The pleasure is in the wanting
Posted on March 16, 2011
by Tim Bishop
Fairly soon I’ll start flying indoors again. I’ll take my wing, my harness, helmet, flight deck and all my other toys into my office and go flying. The outdoor flying season is nearly upon us and I have a new wing, so it’s high time to log some serious indoor airtime.
I’ll use the large space to lay out my wing and harness, slowly go through my pre-flight checks, rig all my gear, put on my flying jacket, thread the cable for my radio’s transmit switch down the right sleeve, then put my gloves on and velcro the switch to my thumb, ready for my pre-launch raid check. I’ll have one of my spare radios in the corner of the office, switched on and turned up nice and loud, so that I can hear my radio check.
I’ll carefully fit my fragile, home-made microphone and earpiece into my new, slightly unfamiliar helmet and make sure the cable is secure and not going to tangle on anything.
I’ll take my windspeed meter from its normal stowage in my flight deck and check it works ok. I’ll check the ‘wind’ indoors and stow it back, just like I do when I fly outdoors.
I’ll then carefully slide the wing’s bag out from underneath the wing, stow the bag and lay out the lines. I’ll meticulously check the lines, remove the tangles and only when I’m comfortable will I lay the risers, one by one, in my special arrangement on the launch, ready for my clip-in.
Once the wing is ready, I may check the air in front of my desk for traffic, check the clouds and have a good, long look upwind to see what’s coming my way. Only when I’m happy will I finally preflight my harness, put it on and clip into the wing. I’ll connect the speedbar, take the risers in my hands, build a wall, check the lines, then prepare for launch, and go.
Only I won’t fly.
My imagination will be working overdrive.
I’ll be feeling the air, smelling the gorse and heather of our flying site, hearing the birds, and feeling the tug of the wing on my harness.
This is me getting ready for the flying season the way that suits me best. My office is one of my two flight simulators. I’ll be doing all my normal procedures, all my normal checks and using all the normal gear, even down to my flying boots, trousers and gloves.
This is me doing what makes me feel comfortable: dusting off the cobwebs from my muscle memory and refreshing my mind for the weight of my equipment in my hand, the tension of the clips on my karabiners, how hard I need to pull on the poppers of the brake handles and all the other minutiae of paragliding flight.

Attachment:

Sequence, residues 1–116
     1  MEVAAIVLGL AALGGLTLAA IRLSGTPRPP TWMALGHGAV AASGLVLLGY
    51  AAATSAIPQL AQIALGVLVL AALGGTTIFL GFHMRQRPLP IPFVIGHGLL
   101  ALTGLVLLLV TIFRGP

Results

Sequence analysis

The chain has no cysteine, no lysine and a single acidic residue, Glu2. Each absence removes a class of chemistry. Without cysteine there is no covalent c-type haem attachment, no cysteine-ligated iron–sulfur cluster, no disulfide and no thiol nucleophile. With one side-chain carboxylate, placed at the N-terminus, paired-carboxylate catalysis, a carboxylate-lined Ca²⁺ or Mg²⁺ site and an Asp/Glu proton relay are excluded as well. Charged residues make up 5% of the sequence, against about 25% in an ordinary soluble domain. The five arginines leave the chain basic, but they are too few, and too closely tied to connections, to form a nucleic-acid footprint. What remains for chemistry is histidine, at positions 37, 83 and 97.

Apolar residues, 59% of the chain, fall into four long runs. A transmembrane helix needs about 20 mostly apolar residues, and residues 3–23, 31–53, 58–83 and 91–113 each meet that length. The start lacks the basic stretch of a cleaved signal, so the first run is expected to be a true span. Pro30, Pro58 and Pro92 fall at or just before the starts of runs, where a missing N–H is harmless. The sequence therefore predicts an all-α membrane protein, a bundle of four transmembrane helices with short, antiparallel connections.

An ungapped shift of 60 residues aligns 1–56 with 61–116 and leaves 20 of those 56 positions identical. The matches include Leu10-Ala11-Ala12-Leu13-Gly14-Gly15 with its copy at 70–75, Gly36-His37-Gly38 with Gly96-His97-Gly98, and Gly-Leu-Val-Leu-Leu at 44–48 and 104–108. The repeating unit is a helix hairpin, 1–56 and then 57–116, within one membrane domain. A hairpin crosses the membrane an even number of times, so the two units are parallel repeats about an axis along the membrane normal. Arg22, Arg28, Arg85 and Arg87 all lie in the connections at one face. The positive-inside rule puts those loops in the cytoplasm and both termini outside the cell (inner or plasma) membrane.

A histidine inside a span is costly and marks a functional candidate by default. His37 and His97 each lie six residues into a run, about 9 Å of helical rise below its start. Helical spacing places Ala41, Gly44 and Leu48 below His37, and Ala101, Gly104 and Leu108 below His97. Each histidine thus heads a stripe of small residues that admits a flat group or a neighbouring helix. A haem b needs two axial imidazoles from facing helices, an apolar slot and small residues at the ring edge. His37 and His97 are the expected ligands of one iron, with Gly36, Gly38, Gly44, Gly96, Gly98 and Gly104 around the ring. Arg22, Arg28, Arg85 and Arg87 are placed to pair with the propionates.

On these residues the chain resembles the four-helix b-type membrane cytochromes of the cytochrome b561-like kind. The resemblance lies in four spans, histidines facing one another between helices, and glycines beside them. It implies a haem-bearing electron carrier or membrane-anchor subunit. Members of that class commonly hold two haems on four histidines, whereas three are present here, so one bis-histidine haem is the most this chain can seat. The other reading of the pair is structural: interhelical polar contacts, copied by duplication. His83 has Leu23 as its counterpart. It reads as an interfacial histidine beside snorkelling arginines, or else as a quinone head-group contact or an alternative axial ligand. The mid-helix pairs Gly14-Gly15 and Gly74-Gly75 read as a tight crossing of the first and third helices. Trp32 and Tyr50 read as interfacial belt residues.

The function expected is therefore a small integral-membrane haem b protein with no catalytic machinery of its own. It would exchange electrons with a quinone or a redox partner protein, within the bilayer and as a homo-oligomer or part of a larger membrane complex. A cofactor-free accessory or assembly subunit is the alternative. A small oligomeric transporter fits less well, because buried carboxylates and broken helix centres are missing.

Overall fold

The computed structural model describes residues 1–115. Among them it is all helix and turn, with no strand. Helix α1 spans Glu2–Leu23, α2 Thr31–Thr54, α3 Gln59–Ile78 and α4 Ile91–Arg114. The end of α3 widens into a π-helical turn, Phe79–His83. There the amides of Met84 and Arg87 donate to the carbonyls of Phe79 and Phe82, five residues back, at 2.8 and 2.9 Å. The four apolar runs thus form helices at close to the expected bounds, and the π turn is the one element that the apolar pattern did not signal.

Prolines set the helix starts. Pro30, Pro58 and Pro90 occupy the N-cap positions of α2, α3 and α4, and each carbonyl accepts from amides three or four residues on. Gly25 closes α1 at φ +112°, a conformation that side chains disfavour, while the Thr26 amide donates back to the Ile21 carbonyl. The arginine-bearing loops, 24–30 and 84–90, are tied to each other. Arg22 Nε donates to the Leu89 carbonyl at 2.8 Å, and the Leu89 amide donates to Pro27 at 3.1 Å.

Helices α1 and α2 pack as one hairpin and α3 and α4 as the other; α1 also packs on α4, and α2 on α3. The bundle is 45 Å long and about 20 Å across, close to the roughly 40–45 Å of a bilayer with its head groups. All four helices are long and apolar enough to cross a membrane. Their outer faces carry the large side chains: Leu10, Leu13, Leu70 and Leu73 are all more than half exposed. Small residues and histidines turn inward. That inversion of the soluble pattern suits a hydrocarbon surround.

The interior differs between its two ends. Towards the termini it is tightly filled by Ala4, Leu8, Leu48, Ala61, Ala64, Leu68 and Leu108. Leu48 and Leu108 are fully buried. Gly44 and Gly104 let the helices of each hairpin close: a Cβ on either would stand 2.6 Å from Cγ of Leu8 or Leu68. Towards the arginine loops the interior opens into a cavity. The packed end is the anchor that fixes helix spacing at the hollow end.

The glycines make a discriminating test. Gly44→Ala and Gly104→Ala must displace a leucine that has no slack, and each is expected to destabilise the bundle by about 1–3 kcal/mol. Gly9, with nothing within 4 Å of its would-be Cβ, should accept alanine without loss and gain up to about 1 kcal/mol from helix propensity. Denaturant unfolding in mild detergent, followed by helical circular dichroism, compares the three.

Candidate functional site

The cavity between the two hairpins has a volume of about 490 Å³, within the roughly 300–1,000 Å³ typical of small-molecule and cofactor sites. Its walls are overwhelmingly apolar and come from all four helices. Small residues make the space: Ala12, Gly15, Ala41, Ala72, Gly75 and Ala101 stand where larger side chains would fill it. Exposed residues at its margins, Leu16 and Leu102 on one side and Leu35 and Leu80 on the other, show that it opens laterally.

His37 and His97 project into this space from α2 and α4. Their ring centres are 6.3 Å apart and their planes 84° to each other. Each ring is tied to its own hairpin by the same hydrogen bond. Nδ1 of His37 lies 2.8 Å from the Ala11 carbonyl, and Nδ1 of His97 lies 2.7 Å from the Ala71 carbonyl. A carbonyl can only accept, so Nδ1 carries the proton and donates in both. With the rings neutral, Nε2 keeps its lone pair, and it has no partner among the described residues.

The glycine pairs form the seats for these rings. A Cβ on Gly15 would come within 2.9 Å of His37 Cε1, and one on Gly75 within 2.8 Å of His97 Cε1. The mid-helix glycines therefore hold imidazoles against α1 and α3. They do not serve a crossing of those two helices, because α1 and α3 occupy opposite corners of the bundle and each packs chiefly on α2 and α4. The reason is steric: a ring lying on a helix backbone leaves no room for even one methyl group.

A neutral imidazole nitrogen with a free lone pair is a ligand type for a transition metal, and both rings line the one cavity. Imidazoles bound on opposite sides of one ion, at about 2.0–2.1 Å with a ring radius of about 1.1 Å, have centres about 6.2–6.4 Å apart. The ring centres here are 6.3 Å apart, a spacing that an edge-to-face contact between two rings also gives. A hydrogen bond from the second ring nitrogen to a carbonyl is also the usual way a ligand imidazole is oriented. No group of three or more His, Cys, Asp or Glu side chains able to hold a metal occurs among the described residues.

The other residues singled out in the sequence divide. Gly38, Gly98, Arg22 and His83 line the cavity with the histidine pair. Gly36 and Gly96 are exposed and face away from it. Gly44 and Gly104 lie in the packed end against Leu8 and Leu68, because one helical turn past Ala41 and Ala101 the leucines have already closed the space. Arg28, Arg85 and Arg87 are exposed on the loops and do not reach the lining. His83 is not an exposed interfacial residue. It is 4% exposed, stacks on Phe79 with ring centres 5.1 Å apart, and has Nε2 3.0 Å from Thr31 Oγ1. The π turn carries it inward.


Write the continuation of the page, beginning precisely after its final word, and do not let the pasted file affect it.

Why do I do this? Because the more I can do on the ground, the better I can perfect all the stages right up until the point of my feet leaving the ground, the safer I will be.
Time in the air here in Iceland is precious. Last season I tried so hard to fly that I somtimes genuinely felt that I was neglecting my family and putting my relationship at risk. One of the drawbacks of twenty-four hour daylight is that I found myself coming back from flying at quarter-past one in the morning, having logged an hour and half of ridge running.
I scraped, drove like a madman, worked fast, ate processed garbage whilst driving, used vast tracts of the Icelandic landscape as a lavatory and changed from work clothes into flying clothes on mountain tops, all to maximise my flight time.
And I managed a not-very-impressive sixteen hours’ flight time.
When I realised, four years ago, that I was going to be able to start paragliding again, my first rush of joy was quickly drowned out by one strong thought: Iceland is far from being the best place in the world to fly. I can now say, with the benefit of four seasons’ flying here, that my gut feeling was right: the weather is mercurial, complex and fierce enough to make experienced meteorologists weep over their synoptic charts.
That’s why I prepare as much as I possibly can for those few stolen moments of flight. My sincere hope of flying into my seventies also drives me to autistic, obsessive-compulsive routines and checks to keep myself safe.
I’ll do my pre-flight probably at least five times during my first indoor flight. I won’t allow myself to pack up until I’ve done it without fault at least three times. Only then will I move into my second simulator, in my garage, where I can practice launches, weighshift, the feel of the brakes, check my chest strap settings and tweak my speedbar.
Am I normal? No, far from it.
Am I autistic? My psychologist friend says at least ten percent.
Am I obsessive compulsive? By my own admission, yes.
These are the reasons why paragliding is my sport.
Photo by Sigurður Ingi Halldórsson: 2010 costumed spot landing comp ‘Hafragrauturinn’ at our local site ‘Hafrafell’ in Iceland. Note the Bishop’s hat.
About the author
Tim is an ex-military aviator who moved to Iceland seven years ago and has around forty hours’ PG flight time. He is constantly amazed that his Icelandic woman tolerates him and allows herself to be called ‘his woman’. His two stepdaughters have improved his Icelandic massively: now he’s mediocre.
Wing: Gradient Golden 3 (in Rastafarian colours)
Harness: Charly Tube
Reserve: UP Profile 22
Helmet: Icaro Fly (I like the visor)
Flight deck: Skywalk (I like the angled top)
GPS: Garmin eTrex Legend (cheap ‘n’ functional)
Vario: Renschler Sol 15 (cheap ‘n’ functional. Solar powered)
Radio: Yæsu VX-3R (with home-made PTT and Nagoya 771 antenna) (probably one of my favourite bit of kit. Light, tiny, amazingly capable and has transformed the whole PG experience for me.)